I’m A Year 6, Get Me Out Of Here! Survival Day
On Thursday 2nd December, Year 6 held their highly anticipated I’m A Year 6, Get Me Out Of Here Survival Day.
The main focus of this adventure day was to enhance the learning the children have done about survival this half term in their topic, to give them the opportunity to make their large-scale shelters that they have designed in D.T. and to develop team skills, participating in the dreaded Bush Tucker Trials.
After gathering in the Forest School area, the children were divided into small groups to make their survival shelters that they have designed in D.T. lessons leading up to the event. The children were given a range of materials like bamboo poles, long willow sticks, tarpaulins, camo netting, pallets, plastic crates, accessories like tent pegs, para-cord, scissors, tape and access to tools like saws (under close supervision). Once the children had selected their materials, they set off creating their shelters as a team. It was great to see the creativity and constructive conversations taking place – the children worked together brilliantly and all got really involved.
After all of the hard work on the shelters and a little chance to make them cosy ahead of using them as a base for the rest of the day, we stopped to make smores which we wrapped in foil and toasted on the open fire! The first Bush Tucker Trial soon followed, which was gutter ball! The children were split into two teams, which would be their team for all of the trials, and had three attempts to connect small pieces of guttering together to roll a tennis ball down. It was of course not that easy though, as the children had to go 100 metres without dropping the ball, which meaqnt they had to frantically join the end of the line quickly before the ball got there to extend the track. Blue and Green house teams were together forming team one, which failed on all three attempts. The read and yellow team however, managed all three attempts successfully, giving them an early three star to nothing lead!
The second trial followed soon after, which was an orienteering trial. The team which found the 12 controls and wrote down the correct codes first were to be crowned the winners. I was amazed at well the children had remembered to orientate a map and look for key features – they had completed it within 10 minutes and reds and yellows grabbed the 5 stars on offer again!
The children had a final 10 minutes then to fix their shelters and make them weatherproof, strong and roomy enough for 4 people – all key aspects of our design brief in D.T. In order to test the shelters, their loving teacher first did the push test, where i mimicked a violent storm and shook the shelters to see if they stood up to heavy gusts. With all the shelters intact, the bucket test came next! Buckets of water were thrown at / on top of the children’s shelters to test how waterproof they were. Thankfully, the water was very warm as there were a few very wet children!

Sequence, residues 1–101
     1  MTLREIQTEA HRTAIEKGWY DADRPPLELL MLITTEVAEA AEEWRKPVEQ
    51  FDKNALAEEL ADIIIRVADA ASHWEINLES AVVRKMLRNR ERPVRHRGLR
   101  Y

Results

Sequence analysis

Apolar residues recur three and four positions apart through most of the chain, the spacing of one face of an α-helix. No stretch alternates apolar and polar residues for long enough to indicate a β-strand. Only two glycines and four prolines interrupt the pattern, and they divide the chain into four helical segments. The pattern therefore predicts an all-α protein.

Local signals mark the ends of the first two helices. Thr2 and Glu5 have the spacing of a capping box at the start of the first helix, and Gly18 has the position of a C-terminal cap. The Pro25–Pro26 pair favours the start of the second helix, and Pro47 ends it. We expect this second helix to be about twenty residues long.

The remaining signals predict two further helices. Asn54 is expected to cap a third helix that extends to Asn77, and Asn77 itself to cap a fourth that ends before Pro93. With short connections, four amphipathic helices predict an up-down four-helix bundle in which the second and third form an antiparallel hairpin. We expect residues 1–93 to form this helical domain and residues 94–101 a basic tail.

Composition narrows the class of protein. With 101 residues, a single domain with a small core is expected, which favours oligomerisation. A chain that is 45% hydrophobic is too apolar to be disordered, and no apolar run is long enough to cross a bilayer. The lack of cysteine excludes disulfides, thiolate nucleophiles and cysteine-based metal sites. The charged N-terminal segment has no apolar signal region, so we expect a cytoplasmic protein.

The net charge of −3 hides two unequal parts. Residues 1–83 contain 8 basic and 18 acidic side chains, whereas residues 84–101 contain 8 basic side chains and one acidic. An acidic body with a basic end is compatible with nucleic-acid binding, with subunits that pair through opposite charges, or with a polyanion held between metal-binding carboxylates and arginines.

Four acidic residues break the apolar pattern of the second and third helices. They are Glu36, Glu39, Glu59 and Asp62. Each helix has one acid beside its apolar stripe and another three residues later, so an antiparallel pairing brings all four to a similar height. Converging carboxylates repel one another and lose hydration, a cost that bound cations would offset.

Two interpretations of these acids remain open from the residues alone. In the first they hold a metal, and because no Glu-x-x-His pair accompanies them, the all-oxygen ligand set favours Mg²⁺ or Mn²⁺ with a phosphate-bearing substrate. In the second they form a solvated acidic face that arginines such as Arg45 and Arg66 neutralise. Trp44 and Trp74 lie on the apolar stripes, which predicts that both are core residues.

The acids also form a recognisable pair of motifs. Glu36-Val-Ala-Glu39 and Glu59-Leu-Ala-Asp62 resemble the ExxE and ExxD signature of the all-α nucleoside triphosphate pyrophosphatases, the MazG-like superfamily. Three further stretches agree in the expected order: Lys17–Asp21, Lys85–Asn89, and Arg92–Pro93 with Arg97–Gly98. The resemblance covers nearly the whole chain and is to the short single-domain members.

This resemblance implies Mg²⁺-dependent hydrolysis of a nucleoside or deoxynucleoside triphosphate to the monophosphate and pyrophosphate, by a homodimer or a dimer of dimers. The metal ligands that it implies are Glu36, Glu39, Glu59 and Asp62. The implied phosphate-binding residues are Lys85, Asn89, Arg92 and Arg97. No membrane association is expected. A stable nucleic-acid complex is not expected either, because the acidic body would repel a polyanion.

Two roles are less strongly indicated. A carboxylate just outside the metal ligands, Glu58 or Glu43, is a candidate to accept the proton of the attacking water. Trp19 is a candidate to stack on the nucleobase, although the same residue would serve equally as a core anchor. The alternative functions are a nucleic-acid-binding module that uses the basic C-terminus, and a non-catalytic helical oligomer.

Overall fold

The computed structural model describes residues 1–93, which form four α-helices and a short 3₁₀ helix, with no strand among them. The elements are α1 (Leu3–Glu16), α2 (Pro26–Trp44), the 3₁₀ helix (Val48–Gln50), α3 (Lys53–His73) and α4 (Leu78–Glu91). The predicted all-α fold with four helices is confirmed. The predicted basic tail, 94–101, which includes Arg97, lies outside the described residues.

One of the most daunting trials was up next – the feely trial. 6 containers held 6 different disgusting substances that the children had to put their hands into while blindfolded to find the stars. One brave contestant from each team stepped forward for each challenge, where they had to find the tiny star in all of the slop and goo! There was a container each filled with: Mushed plum tomatoes, baked beans, rice crispies (with wet hands), wet leaves, jelly and cooked spaghetti with frothed fairy liquid. It was hilarious listening to the children’s reactions and funny to see a lot of the children back away that had initially said they were up for the challenge.
Our final trial before lunch was a quiz. The 2 teams were each split into 3 mini teams, with the points for the three mini teams being added up and the winning team overall taking another 5 stars. The reds and yellows reigned supreme again, taking the five stars in a 54 to 47 point victory. We will be working more on our geography soon – apparently, the longest river in the world is the River Nigel!
After the children explored our wonderful Forest School area and played in their shelters while having lunch, we came to the final trial (which took most of the afternoon!), the dreaded EATING TRIAL! The children were so excited, and I had made sure that there were even more horrible delicacies on offer this year. In fact, there were 18 different foods that the children had to face, giving every child the option to participate if they wished. There were: Tripe, pickled eggs, pickled onions, rollmop herrings, whole squid which the children had to bite all of the tentacles off, squid rings, locusts, mealworms, crickets, chillies, whole fish (eyeballs and all!), whelks, chicken paste, lambs liver, lambs kidney and more! You can see fom the pictures attached to this post, that the children’s reactions were priceless. They deserve a huge amount of credit though, they gave most foods a good go, even the rollmop herring which was enormous! On final count, the blue and green team had pulled back quite a few stars, but it wasn’t enough to take the victory – the yellows and reds were victorious and were crowned kings and queens of the school!
Everyone involved had an amazing day. The children not only had fun, but they worked together as a team brilliantly, they pushed themselves past their comfort zones in different trials and enhanced their learning from their survival topic in different, creative ways. Another huge success.